FiveThirtyEight
Clinton Begins The 2016 Campaign, And It’s A Toss-up
Clinton is so well-known, in fact, that it’s almost as if voters are dispensing with all the formalities and evaluating her as they might when she’s on the ballot next November. About half of them would like to see her become president and about half of them wouldn’t. Get ready for an extremely competitive election.    at 10:47

David Stockman
Hillary Clinton: Class President Of A Failed Generation
Hillary rose to fame delivering an idealistic commencement address at the beginning of her career. But like the generation she represents, she has betrayed those grand ideals over a lifetime of compromise, expediency, self-promotion and complacent acquisition of power, wealth and fame. She doesn’t deserve another stint at the podium—-let alone the bully pulpit.    at 08:26

CounterPunch
Hillary Clinton:  From Nixon Girl to Watergate
First two in a three-part series. Hillary Clinton has always been an old-style Midwestern Republican in the Illinois style; one severely infected with Methodism, unlike the more populist variants from Indiana, Wisconsin and Iowa.    at 07:05


The Washington Post
California’s water woes primed to get worse as groundwater is drained
For years, the orchard used surface water drawn from the San Luis Reservoir to water its trees. Last summer, water officials closed the tap as farmers across the state saw their water allotments slashed. Owner Andy Mariani was left scrambling. He finally struck a deal with a neighboring farmer who pumped from a groundwater well. Since then, Mariani has been buying water from his neighbor.    at 09:22

Greg Mankiw's Blog
California should raise the price of water
This would do more than any set of regulations ever could.  For example, the governor is not going to force people to replace their old toilets with newer, more water-efficient ones.  But a higher price of water would encourage people to do that.  A higher price would also give farmers the right incentive to grow the most water-efficient crops. It would induce entrepreneurs to come up with new water-saving technologies. And so on.    at 09:17

Zero Hedge
Californians Outraged As Oil Producers & Frackers Excluded From Emergency Water Restrictions
Fracking and toxic injection wells may not be the largest uses of water in California, but they are undoubtedly some of the stupidest.    at 08:07

MarketWatch:
Half of urban California’s water is used to water the grass
About 80% of human water use is in agriculture.Brown’s announcement said campuses, golf courses, cemeteries and other large landscapes will have to make significant cuts in water use. But it did not mention residential lawns. PPIC says outdoor residential use accounts for one-third of urban water use, twice that of commercial and institutional landscapes, including golf courses and cemeteries.    at 07:51

WaterWired
Tex-Mex Consortium Corrals World's Largest Liquid Freshwater Resource
Bush Family Development (BFD) and Mexican billionaire Carlos Gordo have succeeded in gaining control of the freshwater resources of South America's Guaraní aquifer, which underlies parts of Brazil, Argentina, Uruguay, and Paraguay (see blue area on map). The aquifer system represents the greatest stock of liquid freshwater in the world.    at 00:30


David Stockman's Contra Corner
The Iranian framework agreement is an astonishingly good deal
and has the potential to become a historic game-changer.  Importantly, it finally exposes the War Party's big lie.    at 19:02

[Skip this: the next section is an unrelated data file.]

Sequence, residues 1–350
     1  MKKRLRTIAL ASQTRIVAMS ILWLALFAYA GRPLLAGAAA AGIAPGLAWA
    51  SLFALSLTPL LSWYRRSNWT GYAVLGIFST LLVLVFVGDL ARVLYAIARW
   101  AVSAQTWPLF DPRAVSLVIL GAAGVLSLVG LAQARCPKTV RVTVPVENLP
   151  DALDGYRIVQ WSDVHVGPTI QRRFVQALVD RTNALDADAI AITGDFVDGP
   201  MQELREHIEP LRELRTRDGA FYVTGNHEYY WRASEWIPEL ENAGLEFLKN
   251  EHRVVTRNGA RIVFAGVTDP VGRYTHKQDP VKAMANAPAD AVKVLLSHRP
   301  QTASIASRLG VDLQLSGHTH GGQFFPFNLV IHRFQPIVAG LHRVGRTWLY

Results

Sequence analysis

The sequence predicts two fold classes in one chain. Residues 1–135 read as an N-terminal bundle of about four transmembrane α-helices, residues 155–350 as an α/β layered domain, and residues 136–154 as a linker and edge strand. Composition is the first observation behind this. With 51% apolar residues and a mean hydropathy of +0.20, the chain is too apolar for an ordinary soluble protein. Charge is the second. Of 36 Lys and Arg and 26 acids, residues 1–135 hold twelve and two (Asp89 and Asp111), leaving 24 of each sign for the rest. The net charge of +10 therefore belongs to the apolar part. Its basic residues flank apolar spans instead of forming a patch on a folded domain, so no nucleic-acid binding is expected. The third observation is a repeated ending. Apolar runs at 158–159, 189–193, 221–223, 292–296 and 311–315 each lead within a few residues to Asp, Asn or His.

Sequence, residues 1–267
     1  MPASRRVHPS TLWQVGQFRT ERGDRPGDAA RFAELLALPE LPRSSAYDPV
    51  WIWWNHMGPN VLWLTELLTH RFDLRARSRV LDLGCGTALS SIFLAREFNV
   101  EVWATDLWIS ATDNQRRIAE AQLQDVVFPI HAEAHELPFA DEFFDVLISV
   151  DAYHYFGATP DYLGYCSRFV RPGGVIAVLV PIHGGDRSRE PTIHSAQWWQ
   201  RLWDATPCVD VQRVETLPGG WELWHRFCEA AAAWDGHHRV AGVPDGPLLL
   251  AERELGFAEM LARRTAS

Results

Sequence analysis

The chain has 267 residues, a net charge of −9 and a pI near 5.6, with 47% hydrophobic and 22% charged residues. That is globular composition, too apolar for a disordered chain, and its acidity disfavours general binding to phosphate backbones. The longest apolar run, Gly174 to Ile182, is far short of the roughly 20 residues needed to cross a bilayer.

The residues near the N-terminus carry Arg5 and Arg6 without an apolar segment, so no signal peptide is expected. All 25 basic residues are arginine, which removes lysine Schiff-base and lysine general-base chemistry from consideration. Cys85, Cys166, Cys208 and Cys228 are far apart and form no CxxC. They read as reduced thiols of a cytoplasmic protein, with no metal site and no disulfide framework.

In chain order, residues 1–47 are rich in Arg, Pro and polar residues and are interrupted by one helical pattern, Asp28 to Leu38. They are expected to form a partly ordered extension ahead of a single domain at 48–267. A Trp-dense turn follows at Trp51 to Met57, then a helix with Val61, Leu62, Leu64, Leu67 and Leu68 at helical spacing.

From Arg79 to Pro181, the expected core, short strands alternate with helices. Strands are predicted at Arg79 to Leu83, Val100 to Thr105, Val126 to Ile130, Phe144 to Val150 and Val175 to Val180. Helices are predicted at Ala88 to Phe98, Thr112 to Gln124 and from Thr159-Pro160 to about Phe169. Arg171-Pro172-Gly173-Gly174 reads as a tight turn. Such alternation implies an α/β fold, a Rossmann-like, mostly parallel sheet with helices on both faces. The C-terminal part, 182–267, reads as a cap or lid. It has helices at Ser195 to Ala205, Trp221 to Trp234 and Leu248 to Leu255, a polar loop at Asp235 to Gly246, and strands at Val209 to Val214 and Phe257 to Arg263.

WSJ
Would New Borders Mean Less Conflict in the Middle East? 
Under Ottoman rule, neither Syria nor Iraq existed as separate entities. Three Ottoman provinces—Baghdad, Basra and Mosul—roughly corresponded to today’s Iraq. Four others—Damascus, Beirut, Aleppo and Deir ez-Zor—included today’s Syria, Lebanon and much of Jordan and Palestine, as well as a large strip of southern Turkey. All were populated by a hodgepodge of communities—Sunni and Shiite Arabs, Kurds, Turkomans and Christians in Iraq, and in Syria, all these groups as well as Alawites and Druse.    at 11:03

Stratfor
Coming to Terms With the American Empire
We are now seeing the United States rebalance its strategy by learning to balance. A global power cannot afford to be directly involved in the number of conflicts that it will encounter around the world. It would be exhausted rapidly. Using various tools, it must create regional and global balances without usurping internal sovereignty. The trick is to create situations where other countries want to do what is in the U.S. interest.    at 09:29


Understanding America’s Many Wars
The Hidden History of American Disaster in Asia
Long before Pearl Harbor, U.S. policymakers were willing to go to war if Japan ever conquered British and French Southeast Asia and Dutch Indonesia since that would mean the loss of rubber, tin and tungsten that helped fuel American industry.    at 09:11

Asia Times
China’s ambitious Mt. Everest tunnel is unsettling India
India’s Economic Times reported Thursday that China plans to build a 540-kilometre strategic high-speed rail link between Tibet and Nepal passing through a tunnel under Mt. Everest. The Times says the move “could raise alarm in India about the Communist giant’s growing influence in its neighborhood.”    at 07:35


The Archdruid Report
The US military faces at least three existential threats in the decades immediately ahead. 
The first is that rising powers will devise ways to monkey-wrench the baroque complexity of the US military machine, leaving that machine as crippled and vulnerable as Hittite chariots were before the javelins of the Sea Peoples. The second is that an ongoing revolution in military affairs will leave the entire massive arsenal of the US military as beside the point as all those British battleships were once the Second World War rolled around. The third is that the decline in fossil fuel supplies will make it impossible for the United States to maintain a way of war that, reduced to its simplest terms, consists of burning more petroleum than the other guy. We’ll talk about the first of these possibilities next week.    at 14:51